Vain attempt to elect Stavros Dimas as the Greek President on 29th December brought forth a new wave of uncertainty about the prospect of Euro. Recent opinion polls suggest that the radical left leader Alexis Tsipras is leading and could win the snap parliamentary election which will be held on 25th January. Mr. Tspiras has long been a strong advocate of additional social welfare packages, reversing the public spending cuts as well as public debt restructuring.
The Eurozone policy-makers are now facing a growing dilemma over the likelihood of a victory of Alexis Tsipras. On the one hand, keeping Greece inside the Euro is good for its strength and stability. On the other hand, there is mounting reluctance from national voters to spend extra money help a country which is not willing to take serious measures to tackle their debt problem. The current atmosphere resembled to the situation in Greece in 2012 in which the whole Europe was very concerned with the result of an election which might potentially lead to the exit of Greece from Euro and eventually a “euro-zone breakdown”. However, this time the situation is quite different.
First, the market’s reaction was relatively calm. Despite a plunge in the Greek stock market and a massive selloff of Greek bonds following the unsuccessful election of Stavros Dimas, the major European stock and bond markets remain relatively stable. Second, the “domino theory” seems not taking place this time as in 2012. The bond rates of more vulnerable countries such as Spain and Italy have not been affected by the incident in Greece and remain well below 2%. The contagion effect that we witnessed in 2012 is so far non-existent. Moreover, as the aftermath of the turbulence in previous years, the Eurozone has developed a better firewall system against all these adverse scenarios, for example the European Stability Mechanism (ESM) which can provide bailout funding for vulnerable countries against fluctuations in the market. Learning from the lesson in 2012, banks and large companies have minimized their risk exposure by reducing their weight in Greek debts and related assets.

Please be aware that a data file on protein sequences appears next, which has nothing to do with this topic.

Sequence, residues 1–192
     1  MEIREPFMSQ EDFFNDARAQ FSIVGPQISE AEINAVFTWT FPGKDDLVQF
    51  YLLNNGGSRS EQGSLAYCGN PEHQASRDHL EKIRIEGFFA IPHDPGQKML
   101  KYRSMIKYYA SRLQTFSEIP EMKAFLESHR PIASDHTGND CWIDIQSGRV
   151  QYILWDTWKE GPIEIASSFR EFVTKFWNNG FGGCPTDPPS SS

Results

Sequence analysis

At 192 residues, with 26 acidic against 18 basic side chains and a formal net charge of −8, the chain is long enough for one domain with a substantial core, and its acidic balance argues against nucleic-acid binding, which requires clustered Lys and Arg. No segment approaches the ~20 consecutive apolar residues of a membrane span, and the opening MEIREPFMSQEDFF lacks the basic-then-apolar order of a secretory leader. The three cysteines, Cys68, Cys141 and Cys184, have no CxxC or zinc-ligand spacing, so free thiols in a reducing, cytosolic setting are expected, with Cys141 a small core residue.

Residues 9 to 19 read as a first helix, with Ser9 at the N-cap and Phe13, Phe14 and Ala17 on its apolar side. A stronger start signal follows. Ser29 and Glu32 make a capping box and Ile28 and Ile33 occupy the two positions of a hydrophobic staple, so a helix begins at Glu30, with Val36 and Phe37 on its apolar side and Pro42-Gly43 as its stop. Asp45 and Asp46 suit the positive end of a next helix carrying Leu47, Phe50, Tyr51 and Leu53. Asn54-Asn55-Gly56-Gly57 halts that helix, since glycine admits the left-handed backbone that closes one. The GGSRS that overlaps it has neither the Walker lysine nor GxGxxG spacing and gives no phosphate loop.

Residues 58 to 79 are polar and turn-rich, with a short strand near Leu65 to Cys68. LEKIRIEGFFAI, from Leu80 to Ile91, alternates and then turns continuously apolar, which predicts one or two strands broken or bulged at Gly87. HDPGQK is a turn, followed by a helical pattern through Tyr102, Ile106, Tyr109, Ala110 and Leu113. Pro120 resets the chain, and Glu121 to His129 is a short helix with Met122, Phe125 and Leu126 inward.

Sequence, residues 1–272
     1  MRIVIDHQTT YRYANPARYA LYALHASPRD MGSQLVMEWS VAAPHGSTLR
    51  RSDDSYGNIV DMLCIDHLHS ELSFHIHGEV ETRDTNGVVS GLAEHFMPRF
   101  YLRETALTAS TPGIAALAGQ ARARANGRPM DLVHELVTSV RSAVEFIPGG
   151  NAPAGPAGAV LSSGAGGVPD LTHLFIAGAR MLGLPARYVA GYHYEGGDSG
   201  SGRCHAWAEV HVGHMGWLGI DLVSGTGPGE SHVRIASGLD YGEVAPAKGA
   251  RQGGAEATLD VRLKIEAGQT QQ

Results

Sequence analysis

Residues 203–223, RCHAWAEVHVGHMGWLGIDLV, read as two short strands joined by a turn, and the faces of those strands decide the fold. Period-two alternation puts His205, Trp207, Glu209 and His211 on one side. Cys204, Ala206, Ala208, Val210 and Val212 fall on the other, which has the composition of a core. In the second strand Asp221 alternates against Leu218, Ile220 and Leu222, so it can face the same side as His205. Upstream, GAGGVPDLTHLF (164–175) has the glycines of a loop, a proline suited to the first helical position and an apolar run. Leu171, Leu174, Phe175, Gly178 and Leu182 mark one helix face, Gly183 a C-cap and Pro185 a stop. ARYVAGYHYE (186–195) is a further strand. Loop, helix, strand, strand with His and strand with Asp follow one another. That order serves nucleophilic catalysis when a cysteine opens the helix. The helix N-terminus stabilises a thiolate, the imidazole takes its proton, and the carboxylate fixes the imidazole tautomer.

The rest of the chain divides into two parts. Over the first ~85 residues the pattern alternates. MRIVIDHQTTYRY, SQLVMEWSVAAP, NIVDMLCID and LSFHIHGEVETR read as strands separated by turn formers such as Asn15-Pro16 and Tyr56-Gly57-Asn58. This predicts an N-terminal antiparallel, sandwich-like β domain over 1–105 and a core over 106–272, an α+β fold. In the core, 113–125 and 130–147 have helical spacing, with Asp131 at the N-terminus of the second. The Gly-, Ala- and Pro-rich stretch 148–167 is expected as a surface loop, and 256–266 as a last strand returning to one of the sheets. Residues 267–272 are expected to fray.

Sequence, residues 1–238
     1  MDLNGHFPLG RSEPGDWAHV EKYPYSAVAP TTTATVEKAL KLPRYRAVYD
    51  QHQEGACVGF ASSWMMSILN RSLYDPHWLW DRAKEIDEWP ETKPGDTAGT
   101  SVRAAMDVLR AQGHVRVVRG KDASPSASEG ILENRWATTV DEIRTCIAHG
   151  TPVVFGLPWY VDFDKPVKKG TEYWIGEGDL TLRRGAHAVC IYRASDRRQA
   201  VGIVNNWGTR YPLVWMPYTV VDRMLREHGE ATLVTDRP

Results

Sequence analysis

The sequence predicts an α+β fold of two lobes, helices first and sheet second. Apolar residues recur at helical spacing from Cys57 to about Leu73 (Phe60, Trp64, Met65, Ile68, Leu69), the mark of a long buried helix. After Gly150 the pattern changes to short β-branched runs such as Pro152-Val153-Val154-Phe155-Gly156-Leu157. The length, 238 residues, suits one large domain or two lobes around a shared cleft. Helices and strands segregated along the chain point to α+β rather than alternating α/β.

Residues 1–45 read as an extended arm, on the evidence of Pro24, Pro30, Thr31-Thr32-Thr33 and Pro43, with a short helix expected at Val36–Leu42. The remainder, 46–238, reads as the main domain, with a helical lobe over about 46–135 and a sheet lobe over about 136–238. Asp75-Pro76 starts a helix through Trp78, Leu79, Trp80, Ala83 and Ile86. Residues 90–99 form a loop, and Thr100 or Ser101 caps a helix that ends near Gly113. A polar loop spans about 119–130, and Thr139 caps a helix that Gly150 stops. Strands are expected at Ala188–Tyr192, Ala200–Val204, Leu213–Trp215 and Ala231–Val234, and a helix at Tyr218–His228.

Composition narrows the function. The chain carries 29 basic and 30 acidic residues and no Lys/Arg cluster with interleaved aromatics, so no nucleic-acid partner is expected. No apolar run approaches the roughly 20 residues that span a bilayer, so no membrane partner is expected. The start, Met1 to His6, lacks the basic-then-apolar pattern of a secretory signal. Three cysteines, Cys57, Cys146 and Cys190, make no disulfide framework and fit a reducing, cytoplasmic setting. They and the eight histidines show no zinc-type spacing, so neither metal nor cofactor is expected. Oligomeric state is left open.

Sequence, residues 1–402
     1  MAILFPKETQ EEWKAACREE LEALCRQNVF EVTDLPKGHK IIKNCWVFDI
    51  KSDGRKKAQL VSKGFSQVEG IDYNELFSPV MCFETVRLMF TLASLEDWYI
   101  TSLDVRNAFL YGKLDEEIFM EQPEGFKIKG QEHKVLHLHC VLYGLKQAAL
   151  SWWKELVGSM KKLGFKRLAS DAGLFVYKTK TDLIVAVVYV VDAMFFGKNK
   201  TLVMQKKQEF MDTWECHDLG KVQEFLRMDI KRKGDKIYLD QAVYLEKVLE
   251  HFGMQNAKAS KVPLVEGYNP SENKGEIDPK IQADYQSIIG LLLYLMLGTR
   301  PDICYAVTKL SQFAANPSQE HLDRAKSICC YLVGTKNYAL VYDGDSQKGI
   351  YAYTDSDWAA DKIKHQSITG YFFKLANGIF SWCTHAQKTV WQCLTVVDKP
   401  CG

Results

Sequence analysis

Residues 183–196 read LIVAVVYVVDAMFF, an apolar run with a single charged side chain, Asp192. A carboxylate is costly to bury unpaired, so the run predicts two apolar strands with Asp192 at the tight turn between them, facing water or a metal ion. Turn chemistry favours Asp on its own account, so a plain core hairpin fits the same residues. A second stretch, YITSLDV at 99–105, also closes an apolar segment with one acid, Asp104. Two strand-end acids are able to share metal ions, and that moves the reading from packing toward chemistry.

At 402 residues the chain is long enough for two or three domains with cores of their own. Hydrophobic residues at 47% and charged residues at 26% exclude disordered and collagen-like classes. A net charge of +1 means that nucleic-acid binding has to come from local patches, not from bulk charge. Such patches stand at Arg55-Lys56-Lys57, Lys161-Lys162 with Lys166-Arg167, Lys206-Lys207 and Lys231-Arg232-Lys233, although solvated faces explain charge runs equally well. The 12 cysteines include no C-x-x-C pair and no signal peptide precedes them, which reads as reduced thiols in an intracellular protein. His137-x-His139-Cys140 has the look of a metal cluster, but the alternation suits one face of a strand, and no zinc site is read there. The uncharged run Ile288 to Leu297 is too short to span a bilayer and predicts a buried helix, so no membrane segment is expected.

Consequently, the Eurozone leaders are now less fearful of Greek problem and would be less likely to grant concessions to Greece. Even if Alexis Tsipras could win the upcoming election, Greece cannot sustain its economy without additional bailout cash from Troika (IMF+ECB+EU). Failure to reach a deal between the Eurozone and Greece would inevitably lead to the bankruptcy of Greece and ultimately “Grexit” from Euro. The stake is so high for both the Troika and Greece and it will be a very tough and uncertain bargaining process.